The Portrait of Amir. Elena Bagaeva , 4th year student, BSU, Ulan-Ude

The main character of the story I have read is Amir. He is a narrator and a protagonist of the story. He is a sensitive and intelligent son of the Afghan businessman Baba. He was born in Kabul. His mother died during his birth, and that’s why he feels responsibility for it. He feels that his father Baba hates him because Amir killed his wife. He belongs to Pashtuns, the largest ethnic group of Afghanistan.

Amir is a well-educated person and his speech has a very rich vocabulary. He had a privileged upbringing, and he always got what he wanted. His father had a very big house, Hazara servants and his own business. Baba built an orphanage in Kabul. Amir had his own room; also he had many books from his mother. He got so many guests and many good gifts on his birthday. Baba presented him an expensive watch and a bicycle.

When he was a child he was fond of writing stories, that’s why he wanted to become a writer. But his father Baba didn’t share his interests in writing. Amir is very an intelligent and self-respected person. But Amir is a coward.Amir behaves jealously toward anyone receiving Baba’s affection.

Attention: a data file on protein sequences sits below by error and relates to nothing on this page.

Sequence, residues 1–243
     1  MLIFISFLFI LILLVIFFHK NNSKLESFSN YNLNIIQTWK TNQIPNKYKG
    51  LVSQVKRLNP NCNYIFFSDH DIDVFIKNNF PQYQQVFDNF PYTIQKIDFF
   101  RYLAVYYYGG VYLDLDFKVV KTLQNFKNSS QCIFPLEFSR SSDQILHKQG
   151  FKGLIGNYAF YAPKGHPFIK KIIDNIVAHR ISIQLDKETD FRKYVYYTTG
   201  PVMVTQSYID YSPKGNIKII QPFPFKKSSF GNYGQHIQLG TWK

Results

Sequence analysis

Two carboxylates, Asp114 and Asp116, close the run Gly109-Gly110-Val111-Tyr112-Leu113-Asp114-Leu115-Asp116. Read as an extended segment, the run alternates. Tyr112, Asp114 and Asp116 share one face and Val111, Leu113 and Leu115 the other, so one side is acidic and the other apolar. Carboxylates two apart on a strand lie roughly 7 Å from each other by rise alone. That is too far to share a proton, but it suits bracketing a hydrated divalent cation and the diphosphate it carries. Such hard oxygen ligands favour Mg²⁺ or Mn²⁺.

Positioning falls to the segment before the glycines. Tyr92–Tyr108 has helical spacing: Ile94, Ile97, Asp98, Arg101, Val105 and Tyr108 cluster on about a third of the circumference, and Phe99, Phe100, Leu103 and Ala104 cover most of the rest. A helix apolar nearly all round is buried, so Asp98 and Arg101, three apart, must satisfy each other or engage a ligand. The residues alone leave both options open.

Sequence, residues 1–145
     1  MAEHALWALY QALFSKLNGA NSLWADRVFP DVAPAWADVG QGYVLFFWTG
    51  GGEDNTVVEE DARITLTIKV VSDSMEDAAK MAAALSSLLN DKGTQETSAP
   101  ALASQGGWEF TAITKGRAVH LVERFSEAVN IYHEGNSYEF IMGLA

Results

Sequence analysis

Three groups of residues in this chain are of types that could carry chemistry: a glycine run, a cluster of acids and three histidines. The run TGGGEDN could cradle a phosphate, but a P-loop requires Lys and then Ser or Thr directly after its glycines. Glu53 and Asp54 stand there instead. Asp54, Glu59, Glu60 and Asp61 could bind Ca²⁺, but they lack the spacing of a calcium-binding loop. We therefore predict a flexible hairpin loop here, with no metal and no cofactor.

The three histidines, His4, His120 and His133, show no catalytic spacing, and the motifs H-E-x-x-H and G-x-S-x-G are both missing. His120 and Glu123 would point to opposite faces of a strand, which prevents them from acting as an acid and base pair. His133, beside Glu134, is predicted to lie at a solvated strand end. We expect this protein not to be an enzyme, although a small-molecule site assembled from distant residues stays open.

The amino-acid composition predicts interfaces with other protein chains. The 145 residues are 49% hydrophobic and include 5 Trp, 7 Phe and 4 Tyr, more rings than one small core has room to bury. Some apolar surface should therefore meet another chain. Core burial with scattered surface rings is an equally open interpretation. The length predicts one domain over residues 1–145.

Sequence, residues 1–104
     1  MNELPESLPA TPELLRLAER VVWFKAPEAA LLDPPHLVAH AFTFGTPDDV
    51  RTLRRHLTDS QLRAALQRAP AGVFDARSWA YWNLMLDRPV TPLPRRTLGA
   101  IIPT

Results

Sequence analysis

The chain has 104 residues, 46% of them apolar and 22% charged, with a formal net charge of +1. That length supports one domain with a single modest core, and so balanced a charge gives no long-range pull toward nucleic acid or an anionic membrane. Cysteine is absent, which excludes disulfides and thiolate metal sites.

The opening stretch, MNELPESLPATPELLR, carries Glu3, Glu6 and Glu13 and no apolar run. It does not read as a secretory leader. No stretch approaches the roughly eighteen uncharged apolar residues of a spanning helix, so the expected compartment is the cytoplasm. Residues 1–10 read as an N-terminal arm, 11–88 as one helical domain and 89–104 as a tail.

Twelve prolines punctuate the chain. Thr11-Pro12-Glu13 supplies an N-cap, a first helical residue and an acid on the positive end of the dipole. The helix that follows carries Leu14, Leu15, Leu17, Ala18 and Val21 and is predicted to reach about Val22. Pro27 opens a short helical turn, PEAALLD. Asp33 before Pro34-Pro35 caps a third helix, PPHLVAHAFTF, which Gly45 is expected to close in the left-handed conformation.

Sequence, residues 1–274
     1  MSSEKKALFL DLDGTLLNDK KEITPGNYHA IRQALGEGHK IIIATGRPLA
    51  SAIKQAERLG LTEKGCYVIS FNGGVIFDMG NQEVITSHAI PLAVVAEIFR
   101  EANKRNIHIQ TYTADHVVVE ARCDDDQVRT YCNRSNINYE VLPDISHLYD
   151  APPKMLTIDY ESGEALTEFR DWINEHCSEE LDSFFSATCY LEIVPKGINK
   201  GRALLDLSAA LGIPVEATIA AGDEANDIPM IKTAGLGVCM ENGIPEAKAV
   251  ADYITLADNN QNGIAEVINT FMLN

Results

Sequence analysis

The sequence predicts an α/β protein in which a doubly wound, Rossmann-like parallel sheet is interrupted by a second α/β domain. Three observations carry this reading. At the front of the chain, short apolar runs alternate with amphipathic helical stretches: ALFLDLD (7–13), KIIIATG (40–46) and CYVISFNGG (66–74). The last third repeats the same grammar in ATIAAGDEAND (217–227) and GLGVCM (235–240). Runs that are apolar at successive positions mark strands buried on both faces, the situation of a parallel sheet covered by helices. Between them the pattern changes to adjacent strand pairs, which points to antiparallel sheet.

His best friend is Hassan, a Hazara servant of his family, and he goes back and forth between acting as a loyal friend and attacking Hassan out of jealousy whenever Hassan receives Amir’s father’s affection.His great desire to please his father is the primary motivation for his behavior early in the novel, and it is the main reason he allows Hassan to be raped. He mocks Hassan’s ignorance, for instance, or plays tricks on him. At the same time, Amir never learns to assert himself against anyone else because Hassan always defends him. All of these factors play into his cowardice in sacrificing Hassan, his only competition for Baba’s love, in order to get the blue kite, which he thinks will bring him Baba’s approval.

We see the change in Amir’s character while he is growing from a selfish child to a selfless adult. After allowing Hassan to be raped, Amir is not any happier. On the contrary, his guilt is relentless, and he recognizes his selfishness cost him his happiness rather than increased it.

Once Amir has married and established a career, only two things prevent him from being completly happy: his guilt and his inability to have a child with Soraya.

Sohrab, who acts as a substitute for Hassan to Amir, actually becomes a solution to both problems. Amir describes Sohrab as looking like a sacrificial lamb during his confrontation with Assef, but it is actually Amir who courageously sacrifices himself. In doing this, as Hassan once did for him, Amir redeems himself, which is why he feels relief even as Assef beats him. Amir also comes to see Sohrab as a substitute for the child he and Soraya cannot have, and Amir assumes the roles of Baba and Hassan.

Amir turns to be a very interesting and controversial character whose atonement is very educating.

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